Shell Ends Corporate Partnership with National Gallery

Shell Ends Corporate Partnership with National Gallery
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Shell is ending its corporate partnership with the National Gallery after a decade, emails seen by DeSmog UK reveal.

Campaigners have welcomed the news, saying the decision shows the company was “never a genuine philanthropist but a toxic company with an image to clean up”.

The news comes as Manchester’s Science and Industry Museum prepares to open a new Shell-sponsored exhibition. The deal has been widely criticised by campaigners that accuse Big Oil companies of using publicly-funded institutions to greenwash their images at a time when the government has stated its ambition to phase out fossil fuels as part of its climate commitments.


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Partnership

Shell sponsored a major Rembrandt exhibition at the National Gallery, and is listed on the gallery’s website as a “corporate contributor”.

The company was also a corporate member of the National Gallery, for which it paid around £20,000 to £30,000 a year, DeSmog UK previously revealed.

This gave Shell access to private tours and invites to National Gallery events, including one attended by Prince Charles. It also bought the company special treatment, with the National Gallery coordinating press releases and responses to Freedom of Information requests.

New emails obtained through a Freedom of Information request by campaign group Culture Unstained shows Shell also sent the National Gallery a copy of its statement to announce the end of the partnership for the museum’s approval.

The statement claims Shell “will not be renewing our membership of the Gallery in order to focus on our work to inspire the next generation of engineers through our STEM (science, technology, engineering and maths) education programmes and our work to support Enterprise Development in the UK’s low carbon economy”.

Shell has recently been putting vast resources into promoting its ‘Make the Future’ campaign and related educational programmes, which campaigners have described as “greenwash”.

Chris Garrard, Co-Director of Culture Unstained, said the statement showed Shell “cynically trying to spin its minor involvement in renewables” as a justification for ending the partnership.

He said the National Gallery failing to end the partnership despite campaigners’ concerns about company’s record on climate change and ties to corruption and human rights violations was “deeply concerning”.


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A spokesperson for Shell told DeSmog UK the company was “always open” to working with the National Gallery again.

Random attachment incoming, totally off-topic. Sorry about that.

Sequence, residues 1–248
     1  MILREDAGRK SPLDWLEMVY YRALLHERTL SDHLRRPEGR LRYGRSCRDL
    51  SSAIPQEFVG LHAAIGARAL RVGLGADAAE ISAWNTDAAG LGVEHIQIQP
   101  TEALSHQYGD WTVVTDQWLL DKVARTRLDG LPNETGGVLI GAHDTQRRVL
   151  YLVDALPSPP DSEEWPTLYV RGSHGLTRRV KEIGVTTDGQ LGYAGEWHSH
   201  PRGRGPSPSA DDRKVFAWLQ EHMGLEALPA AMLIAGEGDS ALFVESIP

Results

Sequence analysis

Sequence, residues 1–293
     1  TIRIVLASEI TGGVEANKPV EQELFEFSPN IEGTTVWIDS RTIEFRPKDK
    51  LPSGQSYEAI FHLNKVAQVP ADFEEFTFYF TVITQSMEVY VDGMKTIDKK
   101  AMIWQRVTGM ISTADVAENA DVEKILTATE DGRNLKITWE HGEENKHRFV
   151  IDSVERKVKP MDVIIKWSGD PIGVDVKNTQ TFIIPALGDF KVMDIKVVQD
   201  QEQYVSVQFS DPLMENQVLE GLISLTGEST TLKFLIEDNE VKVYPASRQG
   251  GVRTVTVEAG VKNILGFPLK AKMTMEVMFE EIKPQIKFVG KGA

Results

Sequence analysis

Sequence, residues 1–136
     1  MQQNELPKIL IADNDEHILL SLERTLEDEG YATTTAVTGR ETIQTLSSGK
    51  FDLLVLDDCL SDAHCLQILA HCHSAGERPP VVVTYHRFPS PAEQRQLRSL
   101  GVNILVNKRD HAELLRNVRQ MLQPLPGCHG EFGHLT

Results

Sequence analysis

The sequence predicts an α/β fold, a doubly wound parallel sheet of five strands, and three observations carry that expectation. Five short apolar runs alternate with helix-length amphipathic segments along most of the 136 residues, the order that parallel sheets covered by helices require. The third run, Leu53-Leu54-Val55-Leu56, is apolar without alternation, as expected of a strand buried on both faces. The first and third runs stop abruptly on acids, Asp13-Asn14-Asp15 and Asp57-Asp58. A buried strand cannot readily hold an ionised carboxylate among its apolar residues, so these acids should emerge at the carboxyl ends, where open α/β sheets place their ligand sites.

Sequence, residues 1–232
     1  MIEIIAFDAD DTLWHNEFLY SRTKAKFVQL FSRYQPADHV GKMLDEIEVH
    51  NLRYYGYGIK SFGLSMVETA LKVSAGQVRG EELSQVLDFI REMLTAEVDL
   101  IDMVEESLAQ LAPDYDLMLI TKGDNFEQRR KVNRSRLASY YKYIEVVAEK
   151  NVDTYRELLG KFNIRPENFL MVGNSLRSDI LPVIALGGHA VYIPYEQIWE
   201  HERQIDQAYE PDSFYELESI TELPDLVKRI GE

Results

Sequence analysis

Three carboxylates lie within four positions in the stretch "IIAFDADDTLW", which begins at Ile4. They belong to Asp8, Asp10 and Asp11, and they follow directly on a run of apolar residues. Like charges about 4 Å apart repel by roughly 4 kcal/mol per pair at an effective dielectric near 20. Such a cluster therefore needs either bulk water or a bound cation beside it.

Over the years, Shell has provided valuable support to a range of important institutions in the UK. This has included the National Gallery and its work to study and care for the UK’s national collection of pictures and encouraging the widest possible access to its collection”, they said.  

Due Diligence’

Other documents contained in the Freedom of Information disclosure show the National Gallery was well aware of concerns over Shell’s reputation.

A 2016 ‘Due Diligence Report’ compiled for the National Gallery lists over 100 pieces of “adverse media” on Shell’s activities. This includes articles from The Times, the Wall Street Journal, the New York Times, and CNN reporting on Shell’s regulatory and environmental issues, and workforce disputes.


Image: Pages from a Due Diligence report compiled for the National Gallery on Shell, including “adverse media” coverage.

Garrard told DeSmog UK that the Gallery ignoring the report showed it did not take its ethical stance regarding sponsors seriously.

“Had the Gallery taken on board the grave abuses highlighted by the report, and ended the relationship with Shell, that would have sent a powerful message about the importance of ethics and how we value art. But the Gallery’s policies set the ethical bar so high as to be almost meaningless. It only needs to turn down a donor if it believes it will ‘incur a level of criticism from the press or public’ that seriously damages the Gallery’s reputation.”

“It’s about time more cultural institutions considering corporate partnerships started to act on their own ethical judgment rather than waiting to see if they will get caught”, he said.

Shell hit headlines in June when a court in Milan heard details of allegations of corruption regarding a $1.3 billion oil deal in Nigeria. The case is ongoing.

Shell was also at the eye of a media storm rthis year after unearthed documents showed the company knew about the danger its products posed to climate change since at least the early 1980s.

Last week, a major new report from the UN’s climate science advisors said policymakers would have to implement “unprecedented” changes and rapidly phase out fossil fuels if global warming was going to be held to less than 1.5C.

Main image credit: Cristian Bortes/Flickr CC BY 2.0


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Shell Ends Corporate Partnership with National Gallery
Mat is Special Projects and Investigations Editor of DeSmog, and Operations Director of DeSmog UK Ltd. He was DeSmog UK’s Editor from October 2017 to March 2021, having previously been an editor at Nature Climate Change and analyst at Carbon Brief.

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